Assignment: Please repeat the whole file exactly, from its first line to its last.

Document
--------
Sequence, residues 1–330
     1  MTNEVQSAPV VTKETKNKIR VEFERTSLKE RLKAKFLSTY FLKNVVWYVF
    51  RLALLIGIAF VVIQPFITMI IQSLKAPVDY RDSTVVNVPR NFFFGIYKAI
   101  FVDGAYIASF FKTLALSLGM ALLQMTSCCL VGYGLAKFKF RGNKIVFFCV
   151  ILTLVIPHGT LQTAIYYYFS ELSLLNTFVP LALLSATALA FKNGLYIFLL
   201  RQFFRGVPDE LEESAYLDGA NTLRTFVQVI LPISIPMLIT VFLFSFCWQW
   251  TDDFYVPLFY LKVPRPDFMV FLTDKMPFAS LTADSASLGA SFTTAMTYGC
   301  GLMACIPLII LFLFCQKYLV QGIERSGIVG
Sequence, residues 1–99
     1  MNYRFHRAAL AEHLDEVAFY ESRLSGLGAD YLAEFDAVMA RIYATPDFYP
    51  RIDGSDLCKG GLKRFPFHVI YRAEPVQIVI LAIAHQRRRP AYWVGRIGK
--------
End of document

Sequence, residues 1–330
     1  MTNEVQSAPV VTKETKNKIR VEFERTSLKE RLKAKFLSTY FLKNVVWYVF
    51  RLALLIGIAF VVIQPFITMI IQSLKAPVDY RDSTVVNVPR NFFFGIYKAI
   101  FVDGAYIASF FKTLALSLGM ALLQMTSCCL VGYGLAKFKF RGNKIVFFCV
   151  ILTLVIPHGT LQTAIYYYFS ELSLLNTFVP LALLSATALA FKNGLYIFLL
   201  RQFFRGVPDE LEESAYLDGA NTLRTFVQVI LPISIPMLIT VFLFSFCWQW
   251  TDDFYVPLFY LKVPRPDFMV FLTDKMPFAS LTADSASLGA SFTTAMTYGC
   301  GLMACIPLII LFLFCQKYLV QGIERSGIVG
Sequence, residues 1–99
     1  MNYRFHRAAL AEHLDEVAFY ESRLSGLGAD YLAEFDAVMA RIYATPDFYP
    51  RIDGSDLCKG GLKRFPFHVI YRAEPVQIVI LAIAHQRRRP AYWVGRIGK